During the debate on MPs' expenses yesterday Derek Conway, MP for Old Bexley and Sidcup, made a noteworthy contribution. (He is listed as a Conservative in Hansard but is not on the Conservative Party website's list of MPs.)
He compared his own experience after being found to have paid his son for work that was not undertaken to that of the now Shadow Secretary of State for Communities and Local Government, Caroline Spelman. Mrs Spelman was recently cleared of deliberately breaching rules, but agreed to pay back expenses she had used to pay a nanny.
Mr Conway said:
"More than 200 close family members are employed by Members of Parliament. Many more employ lovers, who are not necessarily known to be related, and many more again employ in-laws because of the difference in their surnames. No doubt the total number of relatives employed by Members of the House is 250 rather than the lower estimate. Is that wrong? People will make their own judgments about my case, and they have done so. However, many Members of Parliament find it convenient to employ family members, not necessarily to supplement their income, because many MPs take a drop in salary when they come to this place—I halved my salary when I came back. Many Members employ family because of availability and reliability, and as many Members have experienced before me, family members are often employed for confidentiality and convenience. Is it just the money? I am not sure that that is the case, and it will be interesting to see how the Commission addresses the problems of central employment...
However, the standard of proof varies, and I say to the Chairman of the Standards and Privileges Committee that if his reports are contrasted, they will show that there is a difference in the standards applied, not only by the current Committee but by previous Committees, to the Members before them. The House will recall the treatment that led to the loss of Elizabeth Filkin’s services, in relation to the case of the right hon. Member for Airdrie and Shotts (John Reid), and more recently the comparison between the investigation into my family and that into the employment arrangements of the hon. Member for Meriden (Mrs. Spelman)...
One wonders whether Committees of the House, as we know from experience, bend over backwards to try to protect Front Benchers if they possibly can."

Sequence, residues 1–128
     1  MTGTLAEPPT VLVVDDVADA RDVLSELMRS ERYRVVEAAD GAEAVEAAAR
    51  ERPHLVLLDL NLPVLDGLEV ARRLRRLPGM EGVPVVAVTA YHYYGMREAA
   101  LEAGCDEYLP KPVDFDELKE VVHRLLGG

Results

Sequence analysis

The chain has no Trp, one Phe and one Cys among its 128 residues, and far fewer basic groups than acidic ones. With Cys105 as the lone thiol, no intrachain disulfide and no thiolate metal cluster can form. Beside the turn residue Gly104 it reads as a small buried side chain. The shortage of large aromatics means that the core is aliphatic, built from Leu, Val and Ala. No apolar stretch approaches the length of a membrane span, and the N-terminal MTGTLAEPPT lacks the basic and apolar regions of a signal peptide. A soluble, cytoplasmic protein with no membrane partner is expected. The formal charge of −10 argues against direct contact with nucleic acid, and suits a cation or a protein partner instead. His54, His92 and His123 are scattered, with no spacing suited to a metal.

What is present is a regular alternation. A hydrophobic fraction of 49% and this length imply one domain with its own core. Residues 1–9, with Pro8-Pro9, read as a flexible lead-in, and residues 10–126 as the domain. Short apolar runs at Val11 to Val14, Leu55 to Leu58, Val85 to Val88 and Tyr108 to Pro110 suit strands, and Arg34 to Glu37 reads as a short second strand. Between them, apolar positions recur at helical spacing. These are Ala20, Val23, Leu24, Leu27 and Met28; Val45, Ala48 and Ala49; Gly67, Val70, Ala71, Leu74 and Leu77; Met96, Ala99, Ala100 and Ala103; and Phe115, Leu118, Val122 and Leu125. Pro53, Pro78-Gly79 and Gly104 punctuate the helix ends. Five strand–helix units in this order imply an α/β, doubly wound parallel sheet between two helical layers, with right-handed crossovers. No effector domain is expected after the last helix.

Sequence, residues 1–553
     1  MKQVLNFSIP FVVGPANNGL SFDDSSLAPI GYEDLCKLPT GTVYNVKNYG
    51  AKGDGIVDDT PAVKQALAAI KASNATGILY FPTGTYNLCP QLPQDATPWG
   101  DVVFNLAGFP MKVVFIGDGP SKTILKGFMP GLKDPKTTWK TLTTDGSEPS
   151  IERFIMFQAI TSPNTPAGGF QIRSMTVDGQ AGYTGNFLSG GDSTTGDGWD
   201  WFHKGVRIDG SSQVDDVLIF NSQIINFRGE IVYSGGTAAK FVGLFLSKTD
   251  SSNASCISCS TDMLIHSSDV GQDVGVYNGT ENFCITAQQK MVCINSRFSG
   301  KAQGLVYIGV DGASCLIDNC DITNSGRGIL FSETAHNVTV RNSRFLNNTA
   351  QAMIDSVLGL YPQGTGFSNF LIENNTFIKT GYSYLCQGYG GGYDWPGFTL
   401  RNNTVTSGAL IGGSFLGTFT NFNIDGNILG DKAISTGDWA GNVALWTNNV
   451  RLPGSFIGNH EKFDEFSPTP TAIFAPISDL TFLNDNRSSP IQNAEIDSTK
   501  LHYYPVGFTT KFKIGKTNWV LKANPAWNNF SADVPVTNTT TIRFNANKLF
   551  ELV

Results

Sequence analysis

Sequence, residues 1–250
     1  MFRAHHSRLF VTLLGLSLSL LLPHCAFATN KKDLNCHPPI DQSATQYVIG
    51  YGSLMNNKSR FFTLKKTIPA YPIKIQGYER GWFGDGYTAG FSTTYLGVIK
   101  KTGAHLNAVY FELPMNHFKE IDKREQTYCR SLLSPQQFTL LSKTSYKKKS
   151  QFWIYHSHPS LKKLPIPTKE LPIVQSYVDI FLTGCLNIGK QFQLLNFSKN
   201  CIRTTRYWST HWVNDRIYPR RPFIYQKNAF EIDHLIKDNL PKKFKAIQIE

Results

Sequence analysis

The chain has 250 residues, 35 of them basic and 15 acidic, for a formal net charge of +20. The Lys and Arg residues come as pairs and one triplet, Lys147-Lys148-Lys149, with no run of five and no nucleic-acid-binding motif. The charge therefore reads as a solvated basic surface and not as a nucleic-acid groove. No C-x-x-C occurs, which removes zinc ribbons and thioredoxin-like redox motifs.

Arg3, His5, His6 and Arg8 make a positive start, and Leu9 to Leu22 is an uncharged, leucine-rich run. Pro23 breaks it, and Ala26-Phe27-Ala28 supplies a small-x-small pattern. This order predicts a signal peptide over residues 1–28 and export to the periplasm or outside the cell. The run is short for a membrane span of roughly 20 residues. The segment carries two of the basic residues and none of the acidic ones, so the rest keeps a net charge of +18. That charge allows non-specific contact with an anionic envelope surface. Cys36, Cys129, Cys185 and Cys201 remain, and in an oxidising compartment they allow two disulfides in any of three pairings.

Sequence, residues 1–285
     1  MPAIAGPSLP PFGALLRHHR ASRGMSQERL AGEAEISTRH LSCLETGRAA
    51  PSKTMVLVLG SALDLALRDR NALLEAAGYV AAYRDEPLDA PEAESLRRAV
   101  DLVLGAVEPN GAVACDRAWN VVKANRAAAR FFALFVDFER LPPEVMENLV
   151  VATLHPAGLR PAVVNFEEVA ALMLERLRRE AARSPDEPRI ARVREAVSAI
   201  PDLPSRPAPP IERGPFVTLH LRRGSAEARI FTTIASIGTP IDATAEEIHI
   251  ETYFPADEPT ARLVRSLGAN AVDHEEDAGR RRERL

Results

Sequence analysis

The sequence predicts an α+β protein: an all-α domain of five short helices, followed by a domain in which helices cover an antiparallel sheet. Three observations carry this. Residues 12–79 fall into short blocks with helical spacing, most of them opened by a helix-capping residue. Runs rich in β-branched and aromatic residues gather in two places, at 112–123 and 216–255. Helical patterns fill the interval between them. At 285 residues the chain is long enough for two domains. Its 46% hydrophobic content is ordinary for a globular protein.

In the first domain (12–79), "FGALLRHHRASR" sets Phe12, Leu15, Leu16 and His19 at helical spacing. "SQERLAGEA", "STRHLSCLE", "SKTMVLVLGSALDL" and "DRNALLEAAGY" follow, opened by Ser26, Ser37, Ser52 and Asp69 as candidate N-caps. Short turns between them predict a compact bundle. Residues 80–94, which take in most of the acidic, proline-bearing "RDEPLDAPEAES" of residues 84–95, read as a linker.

Both Sir Patrick Cormack and Bernard Jenkin intervened on points of order to claim that as Mr Conway had accepted the findings of the House it was a bit rich to revisit the issue again.
Derek Conway MP: "With your permission, Mr. Speaker, I wish to make a personal statement to the House. The Committee on Standards and Privileges has today issued its report on the complaint made against me for employing my son as a researcher and parliamentary assistant.
I will not delay the business of the House by going through the contents of that report, as it is publicly available. The Committee was entitled to reach the conclusions that it did and I have accepted its criticisms in full. I unreservedly apologise to the House for my administrative shortcomings and the misjudgments I made. In my submissions to the Committee and the commissioner, I set out my case and I leave it to hon. Members to form their own judgment of my conduct. I should like to make it clear that throughout the investigation the commissioner acted with absolute courtesy and the Committee afforded me every opportunity to explain my position.
In apologising to the House, I would also like to apologise to my constituents and to the Old Bexley and Sidcup Conservative association, which has been so very supportive to me and my family throughout a very difficult period. The House will comprehend the impact that this matter has on me personally and also on my family. I have let them down very badly indeed, and no judgment from any quarter could be more harsh than that which I apply to myself."
"There have been problems at the hospital, but they have been met, despite the hospital not having a financial level playing field for a number of years. We accept that there must be some changes. Nobody is sticking their head in the sand. What is confusing, however, is the number of fingers in the pie. NHS London seems to be wobbling all over the place. Who will count, Darzi or Alberti? Will the clinical boards take into account travel times? I am told that that is not part of their remit. The “A Picture of Health” consultation is being steamrollered through, so the number of hospitals will fall from four to two with no one sure what is intended. The care trust has got its finger in the pie, and the acute trusts are all over the shop. Meanwhile, behind the scenes, Lord Warner pushes on through the swirling, confusing mess.
I have a warning for the Minister. We are glad that she is present, and we look forward to hearing what she says, but those who stand behind her who are creating this swirling mess need to know that closure of the hospital will be bitterly opposed."
More from Hansard here.
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